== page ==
Indigenous Peoples Days to celebrate California’s history
When the words “California history” are uttered, many immediately conjure images of Spanish missions, hardy miners or bold pioneers linking wagon trains as they trundle over the Sierra Nevada crest.
Such images evoke the European settlement of the state, but the history of the human habitation of California extends significantly further into the past, when a complex and diverse civilization, comprised by dozens of Native American tribes, occupied the many distinct geographical areas of the Golden State.
In the Yuba watershed, the Nisenan people settled the area thousands of years ago.
Hunter and gatherers, the tribe relied heavily on the acorn as a staple of their diet, supplementing it with protein supplied by the salmon that navigated the unbridled free-flowing Yuba, along with deer and other native creatures, said Robert Bettinger, a professor of Anthropology at University of California, Davis.
Many people are more familiar with the term Maidu in reference to local indigenous people, but the it refers to a complicated network of tribes that inhabited the central Sierra Nevada, west of the crest, between the American and Feather rivers.
However, within this broad swathe of land, while many of the tribes spoke a language derived from the same linguistic system, there existed a diversity of dialect and cultural elements, Bettinger said.
Nisenan occupied the American, Bear and Yuba river watersheds and also lived in the Central Valley.
The Yamonee Maidu or Mountain Maidu lived in proximity to the North and Middle forks of the Feather River. The Konkow resided in a valley between Cherokee and Pulga, Calif. and the Mechudpa settled the area around Chico, Calif.
While these diverse tribes had pronounced differences, the similarities allowed them to trade and develop similar cultural elements, Bettinger said.
Much of the day-to-day existence of the people who occupied California before the encroachment of European settlers remains clouded, due to the ensuing eradication of the civilizations that had once flourished in the region.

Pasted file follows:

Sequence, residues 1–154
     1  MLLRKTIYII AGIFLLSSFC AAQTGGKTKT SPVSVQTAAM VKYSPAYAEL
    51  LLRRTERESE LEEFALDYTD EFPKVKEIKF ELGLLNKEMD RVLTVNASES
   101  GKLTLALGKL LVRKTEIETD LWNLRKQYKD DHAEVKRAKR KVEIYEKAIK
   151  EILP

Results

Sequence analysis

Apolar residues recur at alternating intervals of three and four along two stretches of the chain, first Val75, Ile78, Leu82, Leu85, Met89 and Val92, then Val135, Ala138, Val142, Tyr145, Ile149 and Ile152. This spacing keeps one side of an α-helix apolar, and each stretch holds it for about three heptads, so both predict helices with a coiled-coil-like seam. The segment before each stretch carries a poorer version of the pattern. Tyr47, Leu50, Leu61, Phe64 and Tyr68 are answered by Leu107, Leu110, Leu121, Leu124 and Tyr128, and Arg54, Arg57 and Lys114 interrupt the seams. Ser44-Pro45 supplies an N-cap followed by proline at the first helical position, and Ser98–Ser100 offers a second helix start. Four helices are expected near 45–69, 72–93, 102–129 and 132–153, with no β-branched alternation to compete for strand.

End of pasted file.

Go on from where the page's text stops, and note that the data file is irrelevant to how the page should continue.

A discussion with Eileen Moon, a member of the Tsi Akim Maidu Tribal Council, reveals that the wounds of the genocide are still present with the descendants of the Maidu people.
The Tsi Akim Maidu are sponsoring a four-day event called Indigenous Peoples Days, which celebrates the unique cultural heritage of Nevada County’s true native sons and daughters.
“This event is for the entire community,” Moon said. “It is a way of healing for everybody. We couldn’t have the event if it wasn’t for the community.”
Moon repeatedly emphasized the event as a means of healing throughout an interview with The Union.
Indigenous Peoples Day events begin at 5 p.m. Friday, with a Round Dance on Union Street in Nevada City.
At 7:30 p.m., John Trudell, an author, poet, actor and musician and well-known activist for Native American issues, will play a show at the Grass Valley Veterans Auditorium.
The event is a fundraiser for the Tsi Akim Maidu.
On Saturday, some of the more traditional ceremonies of the Maidu people will commence, with a sunrise ceremony at Sycamore Ranch Park in Yuba County.
“For Maidu, the ceremony begins when the (sunlight) hits the ground, just before 7 a.m.,” said Donna Uran, a volunteer for the event, who said the ceremony is led by a spiritual elder.
“The ceremony reminds us of who we are and displays gratitude to the creator for all
the things we are given,” Uran said.
After the ceremony, the hunters leave and take spears into the river with the intention of capturing a male salmon.
Once this is accomplished, designated runners transport the slain fish back to the awaiting tribe, when the Calling Back the Salmon Ceremony is initiated.
The male salmon is fed to the elders of the tribe and a general celebration commences.
On Sunday, a ceremony that recognizes members of the tribe’s ancestors, their accomplishments and how present members are attempting to honor those accomplishments with their activities will take place.
The general public is encouraged to attend the ceremonies, with donations encouraged.
The event is drug and alcohol free and pets are not allowed.
For more information, call the Tsi Akim Maidu Tribal Council at (530) 274-7497.
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